Specific Purpose: To persuade my audience that they
should sign universal organ donor cards.
Central Idea: We can take a step toward solving the serious
shortage of organ donors in the United States by signing
universal organ donor cards.
Main Points:
I. There is a serious shortage of healthy organs available for
transplant.
II. By signing a universal organ donor card you can help
solve this problem.
Problem-Solution Order
Specific Purpose: To persuade my audience that action is
needed to deal with the safety problems caused by
motorists’ use of cell phones.
Main Points:
I. The use of cell phones by motorists is causing a growing
number of accidents.
II. The problem can be solved by a combination of individual
and government action.
Problem-Cause-Solution Order
Specific Purpose: To persuade my audience that the government must
increase its efforts to counter-act global warming.
Central Idea: The effects of global warming are catastrophic, but by
understanding what is causing this condition, the government can create
policies that can reverse these effects.
Main Points:
I. Scientists agree that a general warming of the earth's atmosphere
would lead to devastating effects on the environment.
II. There are several factors responsible for global warming.
III. Government policies directed at industry and individuals can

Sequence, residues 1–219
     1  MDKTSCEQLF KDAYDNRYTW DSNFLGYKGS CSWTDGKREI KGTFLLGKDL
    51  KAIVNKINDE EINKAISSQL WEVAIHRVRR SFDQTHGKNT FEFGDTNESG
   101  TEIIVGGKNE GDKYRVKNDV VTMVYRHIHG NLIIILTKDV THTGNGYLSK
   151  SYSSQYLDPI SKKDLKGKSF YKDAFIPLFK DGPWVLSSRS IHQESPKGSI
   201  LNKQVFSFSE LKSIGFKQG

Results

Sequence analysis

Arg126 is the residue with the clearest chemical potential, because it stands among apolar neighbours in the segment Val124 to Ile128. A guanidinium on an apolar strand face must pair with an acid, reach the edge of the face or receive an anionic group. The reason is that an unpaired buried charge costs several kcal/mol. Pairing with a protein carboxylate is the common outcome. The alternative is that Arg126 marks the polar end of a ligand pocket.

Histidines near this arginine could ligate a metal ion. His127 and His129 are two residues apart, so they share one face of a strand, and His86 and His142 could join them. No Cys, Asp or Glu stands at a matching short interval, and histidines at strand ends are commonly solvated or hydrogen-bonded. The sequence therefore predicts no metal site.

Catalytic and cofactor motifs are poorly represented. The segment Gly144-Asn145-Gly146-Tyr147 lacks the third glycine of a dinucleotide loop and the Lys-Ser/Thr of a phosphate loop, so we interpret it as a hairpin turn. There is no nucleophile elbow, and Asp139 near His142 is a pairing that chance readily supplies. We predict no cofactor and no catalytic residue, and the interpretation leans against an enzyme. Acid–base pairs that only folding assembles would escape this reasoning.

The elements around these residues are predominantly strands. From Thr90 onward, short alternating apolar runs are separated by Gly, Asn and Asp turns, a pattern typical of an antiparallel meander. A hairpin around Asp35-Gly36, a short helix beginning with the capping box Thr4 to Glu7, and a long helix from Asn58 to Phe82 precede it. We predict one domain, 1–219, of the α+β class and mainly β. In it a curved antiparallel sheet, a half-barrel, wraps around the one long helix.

mitigate the effects of global warming.
Problem-Cause-Solution Order
Specific Purpose: To persuade my audience that colleges should take
stronger action to control campus crime.
Central Idea:
Main Points:
I. Crime on college campuses is a serious problem.
II. There are three major causes for the growth of campus crime.
III. An effective solution must deal with all three causes of the problem.
Persuasive Tools/Techniques
1.
2.
3.
4.
5.
6.
Structural Techniques
Credibility Elements
Openings & Closings
Words, Phrases & Sentences
Mood Swings
Choreography
1. Structural Techniques
 Formats or Outlines .
Set yourself above the ordinary. Choose an outline that which 'sells' your
premise or your product. Try telling a story, debate the pros and cons
with yourself, do a series of affirmations. Be aware of what your
audience will best relate to.
 Look for common grounds.
Include a statement such as, "I know that all of us can agree that preventing
unwanted pregnancies is important." By doing so, you reach out to people on
the other side and demonstrate that you're not the enemy-- and then they'll be